As CEO, you set the tone by establishing the importance of content marketing alongside other business priorities. Then, you must hold senior leaders accountable for their teams’ contributions to the content marketing effort.
If you don’t make content marketing an executive-level priority and hold feet to the fire on contributions, it’s too easy for functional teams to prioritize what they know and do best.
Product won’t have time to contribute because there are critical features to develop and test.
Operations won’t quite get around to it because there are urgent orders to fill and ship.
Sales will be too busy nurturing relationships with blue chip prospects on whose orders the annual sales target hangs.
Are any of them wrong? Are those no longer priorities for the business?
The key is for everyone to understand that content marketing provides the life blood that keeps the orders flowing, without which none of those product, operations, and sales efforts will matter.
Then comes the understanding that content marketing isn’t the sole responsibility of the marketing department, it requires support from many places. This is analogous to achieving a high standard of safety, which isn’t the sole responsibility of the health and safety department; it requires everyone’s active participation.
These are fundamental mind shifts for many organizations. Consequently, they require leadership from the top to ensure thinking, decision making, and the allocation of resources adapt to the new balance of priorities.
They might not admit it, but employees throughout your organization are watching the CEO’s every move for clues on how the business is doing, what matters most, and how they should behave to best position themselves for future success.
This is especially true in smaller businesses where the whole team has line of sight on the CEO and other senior leaders.
Imagine a scenario where content marketing is left to the marketing department to manage, without any involvement from the CEO. What does the wider team see?
They hear the CEO extolling the importance and virtues of other initiatives, whether in product development, operational improvement, sales, or some other tangible aspect of business growth.
Which means they don’t hear content marketing mentioned as a priority.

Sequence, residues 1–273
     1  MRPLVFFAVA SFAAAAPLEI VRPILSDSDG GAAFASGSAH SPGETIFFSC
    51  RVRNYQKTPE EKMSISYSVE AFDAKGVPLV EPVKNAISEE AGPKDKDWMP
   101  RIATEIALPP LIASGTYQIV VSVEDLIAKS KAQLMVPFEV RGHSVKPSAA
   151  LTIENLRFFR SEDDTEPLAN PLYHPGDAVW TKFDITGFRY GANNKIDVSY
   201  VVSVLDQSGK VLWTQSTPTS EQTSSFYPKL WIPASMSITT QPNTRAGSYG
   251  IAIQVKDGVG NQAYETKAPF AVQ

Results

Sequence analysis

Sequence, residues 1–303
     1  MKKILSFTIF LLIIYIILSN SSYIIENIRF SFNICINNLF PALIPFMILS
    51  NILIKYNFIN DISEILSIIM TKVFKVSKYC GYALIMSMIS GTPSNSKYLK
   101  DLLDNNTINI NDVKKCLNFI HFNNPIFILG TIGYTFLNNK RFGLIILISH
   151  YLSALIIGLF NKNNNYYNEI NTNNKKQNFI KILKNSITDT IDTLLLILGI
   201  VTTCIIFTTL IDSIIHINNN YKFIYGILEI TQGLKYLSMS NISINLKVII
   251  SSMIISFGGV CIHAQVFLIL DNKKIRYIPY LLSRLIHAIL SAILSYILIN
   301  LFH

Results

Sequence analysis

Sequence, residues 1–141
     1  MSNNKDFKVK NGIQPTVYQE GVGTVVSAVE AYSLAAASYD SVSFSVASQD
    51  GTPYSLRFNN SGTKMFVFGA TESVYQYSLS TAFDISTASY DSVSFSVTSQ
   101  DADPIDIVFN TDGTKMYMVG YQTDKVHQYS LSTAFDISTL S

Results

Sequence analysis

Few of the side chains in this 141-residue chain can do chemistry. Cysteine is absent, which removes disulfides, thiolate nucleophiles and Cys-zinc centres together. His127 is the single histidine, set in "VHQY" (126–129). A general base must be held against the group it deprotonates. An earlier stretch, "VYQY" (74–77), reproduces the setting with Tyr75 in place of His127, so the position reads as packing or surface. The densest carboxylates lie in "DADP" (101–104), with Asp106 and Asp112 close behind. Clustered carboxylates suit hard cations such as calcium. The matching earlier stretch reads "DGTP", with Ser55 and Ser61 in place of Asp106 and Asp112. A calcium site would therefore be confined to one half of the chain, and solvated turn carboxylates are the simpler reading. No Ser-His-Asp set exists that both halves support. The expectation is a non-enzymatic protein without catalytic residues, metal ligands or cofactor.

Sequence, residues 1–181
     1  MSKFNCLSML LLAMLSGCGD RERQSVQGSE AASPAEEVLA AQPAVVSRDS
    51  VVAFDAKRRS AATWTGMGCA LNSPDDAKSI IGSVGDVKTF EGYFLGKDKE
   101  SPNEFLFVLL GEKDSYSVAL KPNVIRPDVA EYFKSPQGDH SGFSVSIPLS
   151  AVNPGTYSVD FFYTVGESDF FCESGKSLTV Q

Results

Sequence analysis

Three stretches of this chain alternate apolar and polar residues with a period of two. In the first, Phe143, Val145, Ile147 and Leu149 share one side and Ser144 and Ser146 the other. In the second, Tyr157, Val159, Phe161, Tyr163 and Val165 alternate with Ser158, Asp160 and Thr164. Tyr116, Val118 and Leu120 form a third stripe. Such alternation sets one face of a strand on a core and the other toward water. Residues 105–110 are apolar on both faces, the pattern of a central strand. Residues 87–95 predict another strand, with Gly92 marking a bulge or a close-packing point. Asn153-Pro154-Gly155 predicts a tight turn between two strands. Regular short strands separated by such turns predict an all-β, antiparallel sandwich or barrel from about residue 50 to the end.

Conclusion: no need to worry when the boss asks who has a spare hour to write a post for the company blog. Someone else will take care of it and, if they don’t, it’s much more important to focus on the things the CEO chose to mention in his remarks.
As the CEO of a B2B company that’s either growing for the first time or trying to regrow in the wake of the pandemic, you must recognize and respond to the mission-critical importance of content marketing.
It’s your responsibility to educate your team on the importance of content marketing, how it benefits anyone with a stake in the business, and why contributions from across the organization are essential to implementing an effective content marketing strategy.
Since this is a major change in the role played by marketing and requires a fundamental mind shift by others in the organization, it’s the CEO’s job to establish the priority of content marketing alongside other business initiatives and to reinforce that priority by holding senior leaders accountable for making it happen.
Finally, people throughout the organization are watching the CEO, listening to their remarks, and reading their messages. They take their cues from what is said and written, as well as from what isn’t said and what’s not written.
Content marketing should be something that a CEO references and champions openly and often. If not, you risk your company underperforming at content marketing, which creates an existential threat to your business.
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Photo credits: AdobeStock